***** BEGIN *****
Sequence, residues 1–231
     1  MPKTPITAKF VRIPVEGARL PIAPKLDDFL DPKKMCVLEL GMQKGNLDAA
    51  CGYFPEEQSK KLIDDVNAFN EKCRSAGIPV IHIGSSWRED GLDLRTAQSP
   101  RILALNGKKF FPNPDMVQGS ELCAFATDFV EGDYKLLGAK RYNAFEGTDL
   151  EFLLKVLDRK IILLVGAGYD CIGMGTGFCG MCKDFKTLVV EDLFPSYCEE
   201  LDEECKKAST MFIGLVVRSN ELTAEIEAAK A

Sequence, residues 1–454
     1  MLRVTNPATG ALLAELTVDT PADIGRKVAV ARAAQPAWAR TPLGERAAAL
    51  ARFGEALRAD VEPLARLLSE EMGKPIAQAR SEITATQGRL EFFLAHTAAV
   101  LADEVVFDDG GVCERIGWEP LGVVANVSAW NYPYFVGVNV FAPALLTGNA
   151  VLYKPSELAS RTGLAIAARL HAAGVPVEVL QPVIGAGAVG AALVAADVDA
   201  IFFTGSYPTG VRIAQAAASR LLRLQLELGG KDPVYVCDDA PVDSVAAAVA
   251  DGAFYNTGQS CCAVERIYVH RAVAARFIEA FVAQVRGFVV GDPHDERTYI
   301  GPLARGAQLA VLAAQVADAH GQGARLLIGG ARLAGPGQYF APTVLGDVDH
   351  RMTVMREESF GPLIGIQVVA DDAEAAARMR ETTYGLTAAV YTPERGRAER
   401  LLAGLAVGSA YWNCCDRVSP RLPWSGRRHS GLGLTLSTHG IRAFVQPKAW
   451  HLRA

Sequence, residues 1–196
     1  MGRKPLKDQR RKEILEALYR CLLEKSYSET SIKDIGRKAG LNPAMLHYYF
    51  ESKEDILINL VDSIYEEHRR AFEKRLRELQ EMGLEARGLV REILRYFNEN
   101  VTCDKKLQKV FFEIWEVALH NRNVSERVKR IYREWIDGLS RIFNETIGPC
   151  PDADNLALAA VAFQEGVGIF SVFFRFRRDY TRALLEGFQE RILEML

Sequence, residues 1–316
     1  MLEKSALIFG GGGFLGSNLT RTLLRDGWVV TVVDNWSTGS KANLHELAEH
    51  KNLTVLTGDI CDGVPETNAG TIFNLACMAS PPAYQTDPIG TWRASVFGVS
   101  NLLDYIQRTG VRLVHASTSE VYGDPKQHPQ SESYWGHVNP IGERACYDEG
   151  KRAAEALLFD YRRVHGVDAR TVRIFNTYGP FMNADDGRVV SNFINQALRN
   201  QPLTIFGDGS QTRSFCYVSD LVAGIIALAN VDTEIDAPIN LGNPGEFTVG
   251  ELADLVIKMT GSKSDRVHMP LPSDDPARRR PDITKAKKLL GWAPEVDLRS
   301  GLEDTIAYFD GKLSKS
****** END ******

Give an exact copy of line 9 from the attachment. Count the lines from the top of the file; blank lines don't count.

    51  ARFGEALRAD VEPLARLLSE EMGKPIAQAR SEITATQGRL EFFLAHTAAV